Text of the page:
DoH backtracks on GP training place pledge

The DoH has backtracked on its promise that every doctor in training should have experience of general practice.

Paul Loveland, head of education, training and development at the DoH, has told all deans and directors of postgraduate GP education that experience in primary care can no longer be regarded as ‘a mission-critical aim’ for doctors in training.

They should scale back their plans for 80 per cent of foundation-year-two (FY2) trainees to do a placement in primary care to 55 per cent — ‘broadly the proportion of the medical workforce that is required to work in primary care’, Mr Loveland said.

In March 2005, deaneries were instructed to plan for 80 per cent of FY2 trainees to do a general practice rotation in 2007/8.
But GP educators have now been told ‘there is no money in the kitty’ to pay for this.

Dr Arthur Hibble, chairman of the committee of general practice education directors, said: ‘This is yet another disappointment. The letter confirms what had been rumoured for a while.’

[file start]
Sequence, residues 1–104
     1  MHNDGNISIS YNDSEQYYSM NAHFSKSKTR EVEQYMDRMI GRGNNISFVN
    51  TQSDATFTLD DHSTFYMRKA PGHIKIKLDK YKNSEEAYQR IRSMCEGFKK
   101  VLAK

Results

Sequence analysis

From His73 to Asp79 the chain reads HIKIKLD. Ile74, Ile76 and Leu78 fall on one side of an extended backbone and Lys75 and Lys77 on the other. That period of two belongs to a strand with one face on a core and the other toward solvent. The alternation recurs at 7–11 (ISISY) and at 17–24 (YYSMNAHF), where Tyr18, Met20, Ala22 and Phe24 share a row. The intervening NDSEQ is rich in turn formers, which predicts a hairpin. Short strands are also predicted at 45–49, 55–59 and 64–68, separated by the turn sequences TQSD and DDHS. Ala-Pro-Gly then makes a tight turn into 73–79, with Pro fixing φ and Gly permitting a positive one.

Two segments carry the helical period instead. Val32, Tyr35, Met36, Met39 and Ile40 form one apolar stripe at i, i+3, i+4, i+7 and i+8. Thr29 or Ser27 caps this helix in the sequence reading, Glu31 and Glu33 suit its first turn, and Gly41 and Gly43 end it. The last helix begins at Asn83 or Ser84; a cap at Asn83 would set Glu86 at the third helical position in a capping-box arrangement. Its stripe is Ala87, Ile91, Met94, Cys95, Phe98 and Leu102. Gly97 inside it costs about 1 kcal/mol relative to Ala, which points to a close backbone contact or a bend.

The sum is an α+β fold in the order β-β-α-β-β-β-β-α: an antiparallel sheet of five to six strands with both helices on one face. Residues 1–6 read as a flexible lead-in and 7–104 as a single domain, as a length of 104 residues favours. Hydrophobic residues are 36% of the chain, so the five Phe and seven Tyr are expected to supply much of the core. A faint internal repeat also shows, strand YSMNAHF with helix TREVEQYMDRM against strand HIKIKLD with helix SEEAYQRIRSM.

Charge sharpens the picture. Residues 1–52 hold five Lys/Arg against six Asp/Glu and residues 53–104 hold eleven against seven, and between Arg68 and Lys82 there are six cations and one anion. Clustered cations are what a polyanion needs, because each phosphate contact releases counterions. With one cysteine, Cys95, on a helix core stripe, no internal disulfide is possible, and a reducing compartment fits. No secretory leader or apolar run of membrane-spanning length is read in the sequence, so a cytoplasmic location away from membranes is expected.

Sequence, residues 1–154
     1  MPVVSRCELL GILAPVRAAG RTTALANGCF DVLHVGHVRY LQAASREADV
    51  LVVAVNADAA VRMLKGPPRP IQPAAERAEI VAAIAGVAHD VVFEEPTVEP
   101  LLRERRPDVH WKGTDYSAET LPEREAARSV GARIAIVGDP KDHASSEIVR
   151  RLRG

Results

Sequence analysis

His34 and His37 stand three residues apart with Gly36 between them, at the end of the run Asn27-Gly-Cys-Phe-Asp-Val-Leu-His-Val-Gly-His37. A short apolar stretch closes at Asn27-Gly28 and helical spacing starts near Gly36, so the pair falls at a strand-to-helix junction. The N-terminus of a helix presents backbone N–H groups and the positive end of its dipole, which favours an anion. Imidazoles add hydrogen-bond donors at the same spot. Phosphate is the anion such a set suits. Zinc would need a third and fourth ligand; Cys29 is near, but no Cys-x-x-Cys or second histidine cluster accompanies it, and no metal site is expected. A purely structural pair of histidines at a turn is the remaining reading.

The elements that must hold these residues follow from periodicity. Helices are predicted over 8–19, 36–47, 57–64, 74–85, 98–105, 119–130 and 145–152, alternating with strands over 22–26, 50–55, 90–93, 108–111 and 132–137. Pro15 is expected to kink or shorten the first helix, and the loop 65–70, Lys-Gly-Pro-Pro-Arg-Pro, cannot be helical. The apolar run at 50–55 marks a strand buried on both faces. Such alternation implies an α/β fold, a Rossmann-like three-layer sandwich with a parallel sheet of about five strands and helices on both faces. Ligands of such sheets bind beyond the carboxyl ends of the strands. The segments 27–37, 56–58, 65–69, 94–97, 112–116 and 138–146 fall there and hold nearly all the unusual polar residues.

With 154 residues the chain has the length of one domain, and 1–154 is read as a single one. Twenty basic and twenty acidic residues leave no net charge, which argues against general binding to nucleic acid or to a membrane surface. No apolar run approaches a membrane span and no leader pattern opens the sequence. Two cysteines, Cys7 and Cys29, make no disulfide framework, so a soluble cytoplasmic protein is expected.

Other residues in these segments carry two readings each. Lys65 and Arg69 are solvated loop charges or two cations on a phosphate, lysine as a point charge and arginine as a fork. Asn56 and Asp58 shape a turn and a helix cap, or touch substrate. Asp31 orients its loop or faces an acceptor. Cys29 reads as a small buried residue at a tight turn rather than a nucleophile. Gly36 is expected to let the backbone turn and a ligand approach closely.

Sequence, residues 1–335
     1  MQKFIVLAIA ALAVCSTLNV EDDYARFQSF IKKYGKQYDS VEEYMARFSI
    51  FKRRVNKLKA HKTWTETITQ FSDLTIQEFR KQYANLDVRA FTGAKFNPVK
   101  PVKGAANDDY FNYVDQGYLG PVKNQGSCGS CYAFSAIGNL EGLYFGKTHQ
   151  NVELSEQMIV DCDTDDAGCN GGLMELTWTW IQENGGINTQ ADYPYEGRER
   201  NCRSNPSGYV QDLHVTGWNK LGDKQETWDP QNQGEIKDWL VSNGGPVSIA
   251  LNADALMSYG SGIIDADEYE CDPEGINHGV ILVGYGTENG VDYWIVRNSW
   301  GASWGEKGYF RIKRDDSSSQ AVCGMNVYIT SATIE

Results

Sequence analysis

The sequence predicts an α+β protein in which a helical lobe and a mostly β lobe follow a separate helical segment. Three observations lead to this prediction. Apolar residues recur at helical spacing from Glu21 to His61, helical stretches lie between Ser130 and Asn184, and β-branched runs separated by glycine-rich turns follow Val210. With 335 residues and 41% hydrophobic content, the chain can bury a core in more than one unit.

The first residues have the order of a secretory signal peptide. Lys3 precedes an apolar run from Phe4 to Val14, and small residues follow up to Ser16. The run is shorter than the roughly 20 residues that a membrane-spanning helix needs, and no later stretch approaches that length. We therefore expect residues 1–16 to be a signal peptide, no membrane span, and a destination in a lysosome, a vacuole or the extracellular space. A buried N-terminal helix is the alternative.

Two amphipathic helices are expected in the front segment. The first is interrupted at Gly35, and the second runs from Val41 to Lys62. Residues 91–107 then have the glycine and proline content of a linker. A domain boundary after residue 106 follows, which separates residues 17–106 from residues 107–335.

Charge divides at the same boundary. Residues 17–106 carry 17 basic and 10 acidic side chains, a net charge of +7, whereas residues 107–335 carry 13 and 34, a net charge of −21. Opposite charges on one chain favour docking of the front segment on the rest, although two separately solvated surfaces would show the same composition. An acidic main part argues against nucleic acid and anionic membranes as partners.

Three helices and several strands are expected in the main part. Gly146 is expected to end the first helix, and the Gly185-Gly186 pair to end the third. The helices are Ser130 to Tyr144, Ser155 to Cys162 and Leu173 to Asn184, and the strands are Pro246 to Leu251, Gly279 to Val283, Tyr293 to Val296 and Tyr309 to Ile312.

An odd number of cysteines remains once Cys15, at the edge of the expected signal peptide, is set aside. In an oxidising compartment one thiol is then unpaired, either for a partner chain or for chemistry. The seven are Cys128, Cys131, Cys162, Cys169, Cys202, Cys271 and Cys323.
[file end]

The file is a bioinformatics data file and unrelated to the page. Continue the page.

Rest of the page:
Two years ago then health minister John Hutton said that the ambition of ‘Modernising Medical Careers’ was ‘for every doctor going into the postgraduate stage of training to have experience of general practice’.
He pledged ‘we will put resources that are needed into the training budget to make sure we give people that opportunity’.
The BMA said it would hold him to account if promised resources did not materialise for general practice placements for all doctors during their second foundation year.
Dr Andrew Thomson, chairman of the BMA’s registrars sub-committee, said the GPC had put its concerns to the DoH.

‘The ability to experience a broad range of topics is important at a time when the White Paper is calling for a shift of work to primary care,’ he said.

Mr Loveland told deans and postgraduate GP directors planning to expand their placements to 80 per cent that they had made a mistake.

‘Although the announcement was interpreted as a firm commitment to the 80 per cent target in 2007/8, the actual terms are far more flexible,’ he said.
But he said that the 55 per cent target is ‘a clear ministerial commitment’.
Dr Paul Sacklin, a Cambridge course organiser, said ‘the tragedy is that people who don’t want to do general practice now won’t do a placement’.

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